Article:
Baker said his ultimate goal is to make sure all UNT’s athletic teams rank in the top third of Conference USA teams in terms of budget and facilities. He said about half of the teams are currently in these spots, and the increase would allow nearly all of them to be in the top third.

The reason for the $2 decrease in the student service fee is because the athletic department currently takes approximately the equivalent of $2 from the student service fee, which it will no longer do if the new increase is passed. The 62.5 percent increase in the athletic fee would translate to about a $3.5 million increase in funding for athletics over the course of an academic year, Baker said. The largest portions of the new funds are expected to go to athlete wellness, facilities enhancements and marketing.

The exact figure for what athletics received from the student service fee is $2.13, meaning the change would also free the 13 cents per credit hour for other uses. The amount would total approximately $70,000 to $100,000 if enrollment stays constant, which the Student Services Fee committee would decide how to allocate based on semesterly presentations from organizations on how they benefit UNT.

“Our job is to make sure people know the importance of voting,” Cole said. “Students will have to pay the increased fee if the referendum passes, whether they voted or not.”

Students received a link via email today allowing them to reach the online voting portal to cast their vote for or against the fee increase. Results will be announced after voting closes on Dec. 6.

Senior Sports Writer Matt Brune contributed to this report. 

Featured image: UNT Athletic Director Wren Baker poses for a photo at Apogee Stadium. File.

About Author

Sarah Sarder

Sarah Sarder

Sarah Sarder is the Senior News Writer for the North Texas Daily.

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  1. BrokeCollegeStudent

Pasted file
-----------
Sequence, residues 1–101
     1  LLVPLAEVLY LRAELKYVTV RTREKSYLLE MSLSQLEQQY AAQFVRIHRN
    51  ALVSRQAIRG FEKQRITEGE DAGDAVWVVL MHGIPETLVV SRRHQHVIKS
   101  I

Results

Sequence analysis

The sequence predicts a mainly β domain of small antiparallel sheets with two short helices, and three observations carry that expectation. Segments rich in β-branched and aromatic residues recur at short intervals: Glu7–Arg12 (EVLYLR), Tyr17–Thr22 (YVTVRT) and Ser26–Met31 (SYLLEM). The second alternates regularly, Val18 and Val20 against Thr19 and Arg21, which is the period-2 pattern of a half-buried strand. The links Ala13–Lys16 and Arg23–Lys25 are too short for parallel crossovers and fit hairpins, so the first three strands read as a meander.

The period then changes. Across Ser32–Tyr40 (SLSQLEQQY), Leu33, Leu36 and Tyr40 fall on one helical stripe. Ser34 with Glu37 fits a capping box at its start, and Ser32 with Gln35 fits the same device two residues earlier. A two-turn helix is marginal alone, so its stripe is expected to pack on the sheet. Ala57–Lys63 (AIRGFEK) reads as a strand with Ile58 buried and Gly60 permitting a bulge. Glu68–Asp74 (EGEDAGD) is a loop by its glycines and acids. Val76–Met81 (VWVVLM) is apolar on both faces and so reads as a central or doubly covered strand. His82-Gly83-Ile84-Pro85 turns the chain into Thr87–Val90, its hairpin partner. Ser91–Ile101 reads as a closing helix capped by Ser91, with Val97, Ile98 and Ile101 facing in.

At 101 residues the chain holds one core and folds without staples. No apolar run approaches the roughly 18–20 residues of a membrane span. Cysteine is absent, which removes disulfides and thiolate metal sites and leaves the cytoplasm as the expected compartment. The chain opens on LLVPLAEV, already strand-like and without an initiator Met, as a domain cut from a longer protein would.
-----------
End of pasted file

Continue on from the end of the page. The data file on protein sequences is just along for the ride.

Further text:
BrokeCollegeStudent December 05, 09:42

    Why should we pay more to improve the athletes college life? So many college students are already struggling and take out loans/work throughout their college career just to afford it. This increase only helps a select few students and not the student body as a whole.

    Reply to this comment
  2. SMH
    SMH December 05, 14:42

    In 2016, the UNT athletic department received $20,258,314 in “athletic welfare” ($10,713,470 in student athletic fees and $9,544,844 from general university funds). Over the last 12 years, the athletic department has received over $83.6M in student athletic fees (really “athletic taxes” since students have no choice in not paying them).

    Once again, the athletic department is asking for more money from UNT students to cover its budget deficits. It’s not surprising they sneaked this vote in during a time when students are busy preparing for finals. Another sad example in higher education of the tail wagging the dog.

    Reply to this comment
    • Head on Right
      Head on Right December 05, 22:27

      Yet some how the SGA voted unanimously in favor of this increase… if you have such a problem with the athletics department wanting more money for better facilities and providing students and fans with a better experience then let’s get rid of all athletic programs. That will save you less than a hundred a semester and lose a lot of money and students in the process, it will lose a lot of coaches, staff and degree programs. Oh and also this will make fewer students want to attend college here at UNT. Athletics gives opportunities to students that might not get them otherwise, and it also gives the student body (especially at UNT because athletic events are free to attend) events on campus to watch, as well as, teams and students to support. Please do not be narrowsided in thinking that this increase is only for UNT Athletics to cover their mistakes, but that this increase was proposed to to better the facilities student athletes use, better the facilities students and visitors use for sporting events and the overall quality that people see and know as The University of North Texas.

      Reply to this comment